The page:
Do wolves mate for life?

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Do wolves mate for life?

Post by Razaline » Tue Dec 09, 2008 7:26 pm

I'm not sure? I mean, in a pack would the alpha just mate with all the girls? Like lions?
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Re: Do wolves mate for life?

Post by April » Tue Dec 09, 2008 7:27 pm

Razaline wrote:I'm not sure? I mean, in a pack would the alpha just mate with all the girls? Like lions?

I think so...unless one dies.
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Re: Do wolves mate for life?

Post by SolitaryHowl » Tue Dec 09, 2008 7:40 pm

I think that only the breeding pair, or alpha male and female, mate in a pack.
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Re: Do wolves mate for life?

Post by April » Tue Dec 09, 2008 7:41 pm

SolitaryHowl2008 wrote:I think that only the breeding pair, or alpha male and female, mate in a pack.

That's not always the case. If food is abundant other members of the pack may mate.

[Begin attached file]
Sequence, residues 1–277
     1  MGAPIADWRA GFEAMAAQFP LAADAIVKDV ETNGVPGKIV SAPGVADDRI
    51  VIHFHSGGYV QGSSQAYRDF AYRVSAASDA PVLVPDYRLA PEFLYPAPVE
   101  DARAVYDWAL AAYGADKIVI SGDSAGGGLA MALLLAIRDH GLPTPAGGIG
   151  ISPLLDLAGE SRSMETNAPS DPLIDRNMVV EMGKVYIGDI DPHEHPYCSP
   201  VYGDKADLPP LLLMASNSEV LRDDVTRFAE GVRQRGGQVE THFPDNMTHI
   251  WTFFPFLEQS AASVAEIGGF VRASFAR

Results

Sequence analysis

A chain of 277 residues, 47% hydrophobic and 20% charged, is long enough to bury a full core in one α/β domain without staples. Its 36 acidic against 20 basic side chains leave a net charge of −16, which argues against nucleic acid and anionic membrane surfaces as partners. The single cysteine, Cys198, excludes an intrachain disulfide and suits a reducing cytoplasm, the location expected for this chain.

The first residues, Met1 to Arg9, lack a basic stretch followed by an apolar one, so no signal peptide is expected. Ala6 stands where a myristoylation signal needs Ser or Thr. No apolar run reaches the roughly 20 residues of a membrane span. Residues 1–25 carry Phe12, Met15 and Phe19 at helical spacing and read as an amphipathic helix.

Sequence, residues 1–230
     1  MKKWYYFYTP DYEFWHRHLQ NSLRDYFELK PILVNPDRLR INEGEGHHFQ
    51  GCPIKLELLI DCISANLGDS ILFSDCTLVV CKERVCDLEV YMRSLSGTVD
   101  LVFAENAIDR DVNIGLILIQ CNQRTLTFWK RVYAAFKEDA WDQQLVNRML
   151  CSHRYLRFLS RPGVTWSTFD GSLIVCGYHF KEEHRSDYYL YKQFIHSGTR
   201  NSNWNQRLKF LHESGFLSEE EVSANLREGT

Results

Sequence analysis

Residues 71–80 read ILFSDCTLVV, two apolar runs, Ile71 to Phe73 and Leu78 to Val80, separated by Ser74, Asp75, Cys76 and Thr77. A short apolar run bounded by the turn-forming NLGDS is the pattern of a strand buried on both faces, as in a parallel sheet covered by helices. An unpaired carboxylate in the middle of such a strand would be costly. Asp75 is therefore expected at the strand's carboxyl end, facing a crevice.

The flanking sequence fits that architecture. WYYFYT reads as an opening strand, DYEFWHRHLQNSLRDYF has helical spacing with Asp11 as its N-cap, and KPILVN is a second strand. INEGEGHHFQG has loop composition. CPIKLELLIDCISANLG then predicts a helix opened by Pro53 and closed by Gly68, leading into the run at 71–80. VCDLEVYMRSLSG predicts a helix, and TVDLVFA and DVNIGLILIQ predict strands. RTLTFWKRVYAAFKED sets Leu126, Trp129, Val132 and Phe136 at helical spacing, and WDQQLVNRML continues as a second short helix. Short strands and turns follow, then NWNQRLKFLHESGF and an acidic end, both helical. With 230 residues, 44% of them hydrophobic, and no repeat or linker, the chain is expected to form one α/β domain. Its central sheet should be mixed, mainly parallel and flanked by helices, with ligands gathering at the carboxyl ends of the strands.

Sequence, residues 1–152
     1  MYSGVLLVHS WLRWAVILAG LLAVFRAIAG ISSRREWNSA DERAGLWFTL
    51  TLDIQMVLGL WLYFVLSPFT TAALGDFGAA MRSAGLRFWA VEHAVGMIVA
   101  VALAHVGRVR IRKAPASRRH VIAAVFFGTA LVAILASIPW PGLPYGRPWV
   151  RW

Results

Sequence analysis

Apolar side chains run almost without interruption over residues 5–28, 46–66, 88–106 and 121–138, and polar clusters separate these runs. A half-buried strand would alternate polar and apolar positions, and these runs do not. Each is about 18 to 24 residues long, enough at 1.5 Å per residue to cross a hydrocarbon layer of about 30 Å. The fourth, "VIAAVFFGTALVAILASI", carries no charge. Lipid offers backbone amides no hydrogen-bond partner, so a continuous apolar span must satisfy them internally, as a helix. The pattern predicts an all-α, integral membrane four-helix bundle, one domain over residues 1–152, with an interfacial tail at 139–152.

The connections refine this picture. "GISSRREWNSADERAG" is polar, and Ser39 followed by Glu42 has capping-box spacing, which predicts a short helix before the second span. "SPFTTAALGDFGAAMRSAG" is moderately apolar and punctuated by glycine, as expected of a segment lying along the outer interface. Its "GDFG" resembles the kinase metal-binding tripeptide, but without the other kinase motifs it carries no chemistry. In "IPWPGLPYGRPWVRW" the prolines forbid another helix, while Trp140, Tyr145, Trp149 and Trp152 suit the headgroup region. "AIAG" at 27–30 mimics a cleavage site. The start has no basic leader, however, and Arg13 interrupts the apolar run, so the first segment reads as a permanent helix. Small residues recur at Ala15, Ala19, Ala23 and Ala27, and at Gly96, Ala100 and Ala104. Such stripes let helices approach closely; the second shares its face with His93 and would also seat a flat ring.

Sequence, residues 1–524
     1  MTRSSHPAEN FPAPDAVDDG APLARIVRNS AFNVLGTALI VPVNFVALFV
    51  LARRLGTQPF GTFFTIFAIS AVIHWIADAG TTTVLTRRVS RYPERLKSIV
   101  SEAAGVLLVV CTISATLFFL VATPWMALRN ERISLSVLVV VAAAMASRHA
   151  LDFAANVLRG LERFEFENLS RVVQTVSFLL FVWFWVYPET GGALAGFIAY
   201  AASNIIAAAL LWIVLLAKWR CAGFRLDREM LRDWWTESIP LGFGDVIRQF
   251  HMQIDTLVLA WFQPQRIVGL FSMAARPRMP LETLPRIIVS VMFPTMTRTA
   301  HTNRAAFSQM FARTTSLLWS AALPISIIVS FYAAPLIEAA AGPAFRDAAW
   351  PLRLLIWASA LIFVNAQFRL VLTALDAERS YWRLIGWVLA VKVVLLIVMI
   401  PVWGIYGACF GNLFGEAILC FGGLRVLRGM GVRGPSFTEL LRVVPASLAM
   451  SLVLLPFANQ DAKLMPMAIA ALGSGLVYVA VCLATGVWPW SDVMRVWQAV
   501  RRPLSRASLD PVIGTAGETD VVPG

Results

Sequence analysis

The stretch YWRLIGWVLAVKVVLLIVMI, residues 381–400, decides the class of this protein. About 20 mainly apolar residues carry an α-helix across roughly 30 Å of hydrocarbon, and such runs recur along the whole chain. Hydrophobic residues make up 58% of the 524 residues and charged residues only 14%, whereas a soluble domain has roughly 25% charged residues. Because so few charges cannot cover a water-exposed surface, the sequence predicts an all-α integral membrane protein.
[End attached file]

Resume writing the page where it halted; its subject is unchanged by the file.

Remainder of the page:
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Re: Do wolves mate for life?

Post by SolitaryHowl » Tue Dec 09, 2008 8:22 pm

April wrote:
SolitaryHowl2008 wrote:I think that only the breeding pair, or alpha male and female, mate in a pack.

That's not always the case. If food is abundant other members of the pack may mate.
Yes, but the question was if only the Alpha male would mate with the other females. I would think the other males would be able to mate as well...
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Re: Do wolves mate for life?

Post by Songdog » Tue Dec 09, 2008 9:10 pm

I'm not sure if there is a reliable answer for you. Depending on what you read, or what TV program you watch, it will tell you something different.
After Mating, pairs will continue to be affectionate. Although wolves often have long-lasting attachments to thier mates, if one wolf dies, the widowed mate may breed with another wolf. In addition, some males may bond to different females in different years, destroying the long-held "mate for life" myth.
I think as a general answer: Wolves are monogamous. They do not mate with multiple wolves; the breeding pair usually stick together and fiercely guard their breeding rights. Only one pair breeds per year, unless there is a disruption in dominance or shift in power. They more or less choose the same mate each year. If a mate dies, the wolf generally takes a new mate.

In contrast to say a male lion, which will mate with all females, or a squirrel which has a different mate each year.

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Re: Do wolves mate for life?

Post by SoulOfAWolf » Sun Dec 14, 2008 5:32 pm

I've watched several programs but here's what I've found: